Similarly, the laws prohibiting the U.S. government from directing its information activities at domestic audiences should be upheld.

There could be an issue here to the extent such a limitation limits the ways in which public diplomacy efforts can be directed at young Muslims in the United States. Other means of rebutting the jihadists will probably need to be found.

What is critical is that the intelligence agencies, or public diplomacy efforts, not be used to sell government policies to citizens in the U.S. This line has been crossed repeatedly since 9/11, but its strict observance going forward is absolutely critical.

Other Steps

Many defeats in the war for young Muslim minds may be attributed to the loss of respect the U.S. has suffered as a result of its use of torture at Abu Gharib and elsewhere, the conditions in which prisoners were held for years without trial or even military commission review at Guantanamo, the 2003 invasion of Iraq in clear violation of the U.N. Charter’s prohibition of the use of force, the use of drones outside war theaters in apparent violation of international law, and in general actions that do not sit well with America’s preferred view of itself as a city on a hill, where dedication to the pursuit of freedom and the rule of law, both at home and abroad, are the hallmarks of a democratic society and its government.

Improvement in these areas would in the long term help in the struggle for young Muslim minds, and also help reformers within Muslim societies win their struggle for the rule of law in their own countries.

But for now, two issues which urgently merit full discussion are those outlined above.

The Trenchant Observer

About the Author

The Observer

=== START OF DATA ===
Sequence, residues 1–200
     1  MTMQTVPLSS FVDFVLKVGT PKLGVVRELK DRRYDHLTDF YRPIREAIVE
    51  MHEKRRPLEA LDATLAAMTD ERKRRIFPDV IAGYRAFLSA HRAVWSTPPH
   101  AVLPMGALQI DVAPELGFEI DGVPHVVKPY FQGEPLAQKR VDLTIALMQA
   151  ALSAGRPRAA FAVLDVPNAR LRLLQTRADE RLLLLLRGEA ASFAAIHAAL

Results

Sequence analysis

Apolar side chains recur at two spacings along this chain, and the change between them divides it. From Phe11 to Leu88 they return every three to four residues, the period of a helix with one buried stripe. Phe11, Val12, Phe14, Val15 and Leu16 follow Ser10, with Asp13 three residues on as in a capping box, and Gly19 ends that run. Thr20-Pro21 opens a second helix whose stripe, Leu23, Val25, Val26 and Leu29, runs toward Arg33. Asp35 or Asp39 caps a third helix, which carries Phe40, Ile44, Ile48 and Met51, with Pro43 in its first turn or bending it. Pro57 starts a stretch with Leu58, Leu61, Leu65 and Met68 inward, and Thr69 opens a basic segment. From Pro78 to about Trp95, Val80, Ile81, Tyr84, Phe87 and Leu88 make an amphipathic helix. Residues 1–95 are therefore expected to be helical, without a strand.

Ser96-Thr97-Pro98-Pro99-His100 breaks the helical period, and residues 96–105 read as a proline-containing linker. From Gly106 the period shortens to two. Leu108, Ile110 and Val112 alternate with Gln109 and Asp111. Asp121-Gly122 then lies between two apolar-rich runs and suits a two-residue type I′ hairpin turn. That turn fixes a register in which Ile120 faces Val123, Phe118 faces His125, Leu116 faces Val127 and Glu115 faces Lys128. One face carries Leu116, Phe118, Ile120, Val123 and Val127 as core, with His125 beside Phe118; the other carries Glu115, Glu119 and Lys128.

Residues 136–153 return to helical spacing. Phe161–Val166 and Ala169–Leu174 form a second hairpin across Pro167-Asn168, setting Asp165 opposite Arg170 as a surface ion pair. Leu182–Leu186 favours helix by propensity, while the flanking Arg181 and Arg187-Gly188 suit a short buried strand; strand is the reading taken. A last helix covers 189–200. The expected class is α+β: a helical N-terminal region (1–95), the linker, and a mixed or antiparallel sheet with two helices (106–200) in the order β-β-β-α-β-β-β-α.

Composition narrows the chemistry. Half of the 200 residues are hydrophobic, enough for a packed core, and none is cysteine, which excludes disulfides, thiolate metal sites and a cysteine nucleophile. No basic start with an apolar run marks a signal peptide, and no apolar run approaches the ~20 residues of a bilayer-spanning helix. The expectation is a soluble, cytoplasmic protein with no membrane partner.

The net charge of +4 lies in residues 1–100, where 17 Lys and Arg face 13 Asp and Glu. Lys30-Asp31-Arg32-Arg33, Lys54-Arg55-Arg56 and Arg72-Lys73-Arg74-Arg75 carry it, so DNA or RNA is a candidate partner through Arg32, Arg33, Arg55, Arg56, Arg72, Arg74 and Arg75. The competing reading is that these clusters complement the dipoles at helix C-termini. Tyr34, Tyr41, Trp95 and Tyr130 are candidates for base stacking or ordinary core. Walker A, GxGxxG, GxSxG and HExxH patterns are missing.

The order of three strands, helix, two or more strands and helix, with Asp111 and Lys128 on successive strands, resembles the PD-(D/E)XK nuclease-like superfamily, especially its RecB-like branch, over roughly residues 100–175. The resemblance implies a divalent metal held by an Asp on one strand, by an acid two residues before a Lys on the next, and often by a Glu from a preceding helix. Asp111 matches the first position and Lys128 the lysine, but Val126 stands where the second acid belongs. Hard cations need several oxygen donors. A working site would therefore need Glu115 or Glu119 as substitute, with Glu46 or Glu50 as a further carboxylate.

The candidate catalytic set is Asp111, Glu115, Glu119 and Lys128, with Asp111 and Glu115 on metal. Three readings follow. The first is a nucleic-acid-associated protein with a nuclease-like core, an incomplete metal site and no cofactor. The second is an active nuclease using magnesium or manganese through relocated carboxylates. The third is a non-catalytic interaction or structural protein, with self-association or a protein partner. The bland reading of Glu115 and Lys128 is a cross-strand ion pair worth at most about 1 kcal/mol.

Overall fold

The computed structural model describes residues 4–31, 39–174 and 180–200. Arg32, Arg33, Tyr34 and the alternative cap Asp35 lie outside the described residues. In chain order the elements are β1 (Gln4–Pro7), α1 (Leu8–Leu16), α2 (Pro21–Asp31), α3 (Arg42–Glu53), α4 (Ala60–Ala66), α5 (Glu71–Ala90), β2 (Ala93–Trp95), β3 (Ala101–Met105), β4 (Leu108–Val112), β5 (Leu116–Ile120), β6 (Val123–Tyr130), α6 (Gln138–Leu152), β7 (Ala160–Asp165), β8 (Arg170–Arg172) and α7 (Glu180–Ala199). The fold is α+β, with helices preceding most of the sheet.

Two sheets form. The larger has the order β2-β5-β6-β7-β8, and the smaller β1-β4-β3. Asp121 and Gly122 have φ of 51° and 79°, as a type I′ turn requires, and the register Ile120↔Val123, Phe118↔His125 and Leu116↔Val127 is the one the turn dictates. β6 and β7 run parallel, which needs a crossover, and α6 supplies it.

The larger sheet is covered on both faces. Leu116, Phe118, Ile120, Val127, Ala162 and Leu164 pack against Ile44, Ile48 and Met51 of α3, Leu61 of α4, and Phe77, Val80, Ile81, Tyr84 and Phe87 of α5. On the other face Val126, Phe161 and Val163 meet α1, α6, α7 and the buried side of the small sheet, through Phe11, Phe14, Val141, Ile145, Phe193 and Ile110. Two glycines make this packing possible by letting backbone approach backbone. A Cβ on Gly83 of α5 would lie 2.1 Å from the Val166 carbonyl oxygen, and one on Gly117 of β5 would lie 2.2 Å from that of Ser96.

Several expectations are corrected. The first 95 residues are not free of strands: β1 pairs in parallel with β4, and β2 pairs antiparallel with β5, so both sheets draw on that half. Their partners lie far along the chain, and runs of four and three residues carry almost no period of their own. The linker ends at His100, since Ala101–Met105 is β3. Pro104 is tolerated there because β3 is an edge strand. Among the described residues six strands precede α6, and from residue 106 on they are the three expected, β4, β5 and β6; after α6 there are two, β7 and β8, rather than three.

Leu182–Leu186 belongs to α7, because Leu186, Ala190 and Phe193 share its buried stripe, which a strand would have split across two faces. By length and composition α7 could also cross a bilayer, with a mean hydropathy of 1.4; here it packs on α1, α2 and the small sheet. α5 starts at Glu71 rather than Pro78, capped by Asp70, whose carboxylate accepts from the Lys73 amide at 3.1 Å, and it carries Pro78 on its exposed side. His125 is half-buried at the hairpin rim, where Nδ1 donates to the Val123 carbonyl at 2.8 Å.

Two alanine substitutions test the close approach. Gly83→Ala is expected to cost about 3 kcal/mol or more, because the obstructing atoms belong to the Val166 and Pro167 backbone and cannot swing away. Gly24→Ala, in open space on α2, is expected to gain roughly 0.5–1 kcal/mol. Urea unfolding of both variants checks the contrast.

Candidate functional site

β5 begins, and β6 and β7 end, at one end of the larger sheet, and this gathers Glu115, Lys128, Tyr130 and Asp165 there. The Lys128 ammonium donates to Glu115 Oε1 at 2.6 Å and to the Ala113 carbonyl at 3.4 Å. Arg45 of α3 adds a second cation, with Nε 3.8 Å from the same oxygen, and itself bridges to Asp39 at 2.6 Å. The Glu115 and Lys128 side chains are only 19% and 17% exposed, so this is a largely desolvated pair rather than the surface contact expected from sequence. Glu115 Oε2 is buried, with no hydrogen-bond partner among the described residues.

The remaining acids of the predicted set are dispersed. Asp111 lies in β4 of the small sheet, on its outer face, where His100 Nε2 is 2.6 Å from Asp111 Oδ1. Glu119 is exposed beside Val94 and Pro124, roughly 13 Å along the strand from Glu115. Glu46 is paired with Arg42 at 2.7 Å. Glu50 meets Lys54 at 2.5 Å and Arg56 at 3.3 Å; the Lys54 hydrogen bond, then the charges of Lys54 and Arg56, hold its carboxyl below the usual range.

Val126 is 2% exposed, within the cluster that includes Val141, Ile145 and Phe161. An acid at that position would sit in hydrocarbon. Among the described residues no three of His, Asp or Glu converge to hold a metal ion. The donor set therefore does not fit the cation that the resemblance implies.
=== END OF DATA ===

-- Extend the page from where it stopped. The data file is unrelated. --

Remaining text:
"The Trenchant Observer" is edited and published by The Observer, an international lawyer who has taught International Law, Human Rights, and Comparative Law at major U.S. universities, including Harvard, Brandeis, the University of Pittsburgh, and the University of Kansas. He is a former staff attorney at the Inter-American Commission on Human Rights of the Organization of American States (IACHR), where he was in charge of Brazil, Haiti, Mexico and the United States, and also worked on complaints from and reports on other countries including Argentina, Chile, Uruguay, El Salvador, Nicaragua, and Guatemala. As an international development expert, he has worked on Rule of Law, Human Rights, and Judicial Reform in a number of countries in Latin America, the Caribbean, Africa, the Middle East, South Asia, and the Russian Federation. In the private sector, The Observer has worked as an international attorney for a leading national law firm and major global companies, on joint ventures and other matters in a number of countries in Europe (including Russia and the Ukraine), throughout Latin America and the Caribbean, and in Australia, Indonesia, Vietnam, China and Japan. The Trenchant Observer blog provides an unfiltered international perspective for news and opinion on current events, in their historical context, drawing on a daily review of leading German, French, Spanish and English newspapers as well as the New York Times, the Wall Street Journal, the Washington Post, and other American newspapers, and on sources in other countries relevant to issues being analyzed. The Observer speaks fluent English, French, German, Portuguese and Spanish, and also knows other languages. He holds an S.J.D. or Doctor of Juridical Science in International Law from Harvard University, and a Doctor of Law (J.D.) and a Master of the Science of Law (J.S.M.), from Stanford University. As an undergraduate, he received a Bachelor of Arts degree, also from Stanford, where he graduated “With Great Distinction” (summa cum laude) and received the James Birdsall Weter Prize for the best Senior Honors Thesis in History. In addition to having taught as a Lecturer on Law at Harvard Law School, The Observer has been a Visiting Scholar at Harvard University's Center for International Affairs (CFIA). His fellowships include a Stanford Postdoctoral Fellowship in Law and Development, the Rómulo Gallegos Fellowship in International Human Rights awarded by the Inter-American Commission on Human Rights, and a Harvard MacArthur Fellowship in International Peace and Security. Beyond his articles in The Trenchant Observer, he is the author of two books and numerous scholarly articles on subjects of international and comparative law. Currently he is working on a manuscript drawing on the best articles that have appeared in the blog.